Close At Hand


In the mid 1980’s I was on a business trip to the city of Seattle, Washington. At the concourse of the airport on my return flight home, I found myself walking behind a very well dressed gentleman. He stood out because he was the tallest man I had ever seen. As I passed him I glanced back and recognized that I had been following Bill Russell, the great NBA basketball player. What I most recall about Mr. Russell was not just that he was 6′ 9″ tall, but his hands were enormous. I mean huge! If you look at your fingers you will see that they are divided into three sections. One section of Mr. Russell’s finger was equal to my entire finger. I have seen many professional basketball games over the years on television and a few at the arenas. But never have I been so close to a professional player so as to gain an appreciation for their physical size. This small “up-close” encounter with Mr. Russell has stayed with me all these years and it has given me a better understanding regarding the physical nature of professional basketball players. It is hard to grasp the nature of anything, unless you are “close at hand”.

Sometimes when we compare our lives to others we think that somehow our trials are harder. We often feel that way because, unlike the trials of others, we feel the intimate struggle and nature of our own challenges. The pain and suffering that come from them are “close at hand”, and are very personal in nature. Even when we hear of others tribulations we might be tempted to think they pale in comparison to ours.  But the reality is that they are “not as bad” only because we are removed from the pain that is associated with that trial. We can sympathize while not really comprehending the agony of the problem. Often when we hear of tragedies that come into the lives of others we are saddened and feel of their pain. Then, after taking a moment of pensive care, we move on with our lives. Most often others tragedies are soon forgotten amidst the bustle of our busy lives. For instance, taking care of a loved one who is disabled can be all-consuming. While we might recognize the sacrifice on the family, we are not living it 24/7 like they are! A few years ago a popular song sung by Bette Midler spoke to the question of seeing things from a distance. Some of the words of the song read:

From a distance the world looks blue and green,

and the snow-capped mountains white.

From a distance the ocean meets the stream,

and the eagle takes to flight.


From a distance, there is harmony,

and it echoes through the land.

It’s the voice of hope, it’s the voice of peace,

it’s the voice of every man.


From a distance we all have enough,

and no one is in need.

And there are no guns, no bombs, and no disease,

no hungry mouths to feed.

( From A Distance Lyrics by Bette Midler)

From a distance things look different from up when we are up close. Sister Barbara W. Winder, former General President of the Relief Society told this story.

“It is normal for each of us to become discouraged at times. But we need to recognize that we are not the only ones who have problems and to learn to support one another.

It is easy to look at others and think their lives are serene and trouble-free and to feel sorry for ourselves. When I worked with the Lambda Delta Sigma sorority several years ago, one of our national officers was a young woman named Diane. Another young woman who was struggling with a lot of problems expressed her feelings to me: “None of you has any problems. Look at Diane. Diane is perfect; she has everything going for her.”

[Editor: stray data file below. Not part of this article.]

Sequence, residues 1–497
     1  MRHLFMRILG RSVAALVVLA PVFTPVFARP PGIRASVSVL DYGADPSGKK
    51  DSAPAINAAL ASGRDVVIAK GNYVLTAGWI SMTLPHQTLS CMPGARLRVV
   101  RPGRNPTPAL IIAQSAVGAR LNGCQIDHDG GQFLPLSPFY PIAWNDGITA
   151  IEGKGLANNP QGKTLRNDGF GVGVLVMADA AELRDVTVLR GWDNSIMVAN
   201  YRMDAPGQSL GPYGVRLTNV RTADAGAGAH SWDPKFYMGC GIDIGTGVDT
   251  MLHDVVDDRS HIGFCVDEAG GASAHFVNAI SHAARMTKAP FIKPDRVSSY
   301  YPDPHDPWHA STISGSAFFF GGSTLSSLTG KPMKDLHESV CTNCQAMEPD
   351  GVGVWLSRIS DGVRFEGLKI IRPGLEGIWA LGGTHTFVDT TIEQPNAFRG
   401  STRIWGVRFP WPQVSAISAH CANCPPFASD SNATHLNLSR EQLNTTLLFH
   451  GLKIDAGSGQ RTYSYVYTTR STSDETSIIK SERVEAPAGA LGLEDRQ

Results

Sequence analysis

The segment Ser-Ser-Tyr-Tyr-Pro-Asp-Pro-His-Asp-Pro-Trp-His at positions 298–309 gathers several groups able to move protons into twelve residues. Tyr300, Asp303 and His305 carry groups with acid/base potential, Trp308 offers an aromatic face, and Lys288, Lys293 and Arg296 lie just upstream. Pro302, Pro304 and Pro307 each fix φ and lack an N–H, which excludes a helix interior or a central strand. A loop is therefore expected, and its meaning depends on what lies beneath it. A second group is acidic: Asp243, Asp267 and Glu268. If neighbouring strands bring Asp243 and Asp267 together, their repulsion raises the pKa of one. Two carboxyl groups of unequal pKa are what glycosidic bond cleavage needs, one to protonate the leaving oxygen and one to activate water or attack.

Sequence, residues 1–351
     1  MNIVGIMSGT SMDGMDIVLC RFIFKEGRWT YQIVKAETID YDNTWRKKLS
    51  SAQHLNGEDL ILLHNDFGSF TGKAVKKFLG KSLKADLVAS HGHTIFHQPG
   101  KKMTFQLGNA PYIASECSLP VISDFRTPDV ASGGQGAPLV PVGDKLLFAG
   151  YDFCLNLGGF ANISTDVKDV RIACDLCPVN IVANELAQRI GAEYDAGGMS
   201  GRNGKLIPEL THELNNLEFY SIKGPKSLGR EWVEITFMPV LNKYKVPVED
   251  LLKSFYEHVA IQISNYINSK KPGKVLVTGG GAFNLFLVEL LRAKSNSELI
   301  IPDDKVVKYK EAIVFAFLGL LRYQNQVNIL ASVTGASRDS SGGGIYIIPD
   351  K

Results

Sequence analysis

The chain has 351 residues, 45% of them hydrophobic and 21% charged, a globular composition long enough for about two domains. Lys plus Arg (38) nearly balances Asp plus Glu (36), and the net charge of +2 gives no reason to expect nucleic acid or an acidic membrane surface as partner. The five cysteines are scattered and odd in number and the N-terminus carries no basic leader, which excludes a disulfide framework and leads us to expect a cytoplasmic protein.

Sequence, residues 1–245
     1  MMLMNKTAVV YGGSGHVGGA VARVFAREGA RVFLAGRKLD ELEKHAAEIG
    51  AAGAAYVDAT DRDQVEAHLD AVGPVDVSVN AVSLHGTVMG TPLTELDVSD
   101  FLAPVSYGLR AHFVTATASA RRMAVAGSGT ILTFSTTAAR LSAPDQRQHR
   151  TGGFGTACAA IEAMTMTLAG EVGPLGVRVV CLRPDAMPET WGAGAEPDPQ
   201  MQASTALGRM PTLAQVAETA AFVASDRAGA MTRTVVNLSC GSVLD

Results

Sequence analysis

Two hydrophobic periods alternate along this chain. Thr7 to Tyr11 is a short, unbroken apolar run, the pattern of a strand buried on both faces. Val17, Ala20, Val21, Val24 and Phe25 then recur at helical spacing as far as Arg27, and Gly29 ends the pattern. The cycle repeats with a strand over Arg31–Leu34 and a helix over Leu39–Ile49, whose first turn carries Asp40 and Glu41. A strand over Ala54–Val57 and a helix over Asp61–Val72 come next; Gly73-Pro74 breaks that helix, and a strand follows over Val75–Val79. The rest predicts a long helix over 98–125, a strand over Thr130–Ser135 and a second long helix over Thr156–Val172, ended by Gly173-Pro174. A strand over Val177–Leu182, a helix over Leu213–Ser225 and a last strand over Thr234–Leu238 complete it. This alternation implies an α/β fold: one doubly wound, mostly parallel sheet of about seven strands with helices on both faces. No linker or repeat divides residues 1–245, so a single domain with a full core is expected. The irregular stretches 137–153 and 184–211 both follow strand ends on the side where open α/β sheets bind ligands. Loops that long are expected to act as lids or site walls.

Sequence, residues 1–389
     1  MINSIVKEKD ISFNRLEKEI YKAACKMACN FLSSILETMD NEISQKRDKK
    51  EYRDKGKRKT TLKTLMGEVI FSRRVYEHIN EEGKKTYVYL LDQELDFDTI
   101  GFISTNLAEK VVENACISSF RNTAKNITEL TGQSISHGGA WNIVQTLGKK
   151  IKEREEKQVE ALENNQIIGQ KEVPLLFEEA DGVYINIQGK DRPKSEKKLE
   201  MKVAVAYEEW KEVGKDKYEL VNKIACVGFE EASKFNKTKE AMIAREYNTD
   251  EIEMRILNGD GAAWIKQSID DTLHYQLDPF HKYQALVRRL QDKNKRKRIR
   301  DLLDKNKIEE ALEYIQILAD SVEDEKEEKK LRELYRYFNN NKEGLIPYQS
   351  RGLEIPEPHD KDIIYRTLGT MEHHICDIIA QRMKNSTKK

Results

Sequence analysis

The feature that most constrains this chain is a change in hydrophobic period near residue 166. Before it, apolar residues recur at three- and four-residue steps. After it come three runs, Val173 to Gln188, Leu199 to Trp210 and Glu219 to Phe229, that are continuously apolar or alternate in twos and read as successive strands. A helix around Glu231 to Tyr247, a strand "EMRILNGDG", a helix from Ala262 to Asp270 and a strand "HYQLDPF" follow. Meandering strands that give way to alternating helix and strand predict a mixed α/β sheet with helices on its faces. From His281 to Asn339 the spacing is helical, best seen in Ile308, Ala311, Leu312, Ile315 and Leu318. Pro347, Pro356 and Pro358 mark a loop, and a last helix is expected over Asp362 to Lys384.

As she said those words, I inwardly reflected on Diane’s life. She had lost her sister to cancer—the sister who, with her children, had been Diane’s only living relatives. Diane’s mother had preceded Diane’s sister in death just a couple of years earlier, and Diane’s father had died while Diane was a child. Since her sister’s two children were motherless, Diane had quit her job at the Church Office Building to take care of those preschool children full-time. She lost all of her benefits—retirement, seniority, everything—in order to care for them. She cared for those children for a year and a half until her brother-in-law remarried and could again provide nurturing care for them at home.

I thought, “This young woman does not see at all what Diane has gone through.” Sometimes we need to recognize that others have problems, the same as we do, and that the purpose of this life is to be tested and to experience both joy and sorrow” (Barbara W. Winder, “No Joy without the Struggle,” Ensign, Jun 1988, 70).

I have had sufficient experience to know that everyone has burdens to carry. Sometimes the burden on some seems lighter, but it is only because we have not borne it upon our own backs during the heat of the day. I look at professional basketball players differently since I met Mr. Russell that day in the airport. Seeing him “up close” gave me a better perspective of their size. From Liberty Jail, the prophet Joseph Smith once cried out to the Lord in his agony and received an answer back from the Lord, among which was this statement:

“The Son of Man hath descended below them all. Art thou greater than he? (D&C 122:8).

Take courage in knowing that Heavenly Father loves each of us. He knows of our pain and is aware of our suffering. Look to Him for peace in the troubled times of your lives. He is very “close at hand” and like no other, understands our life.


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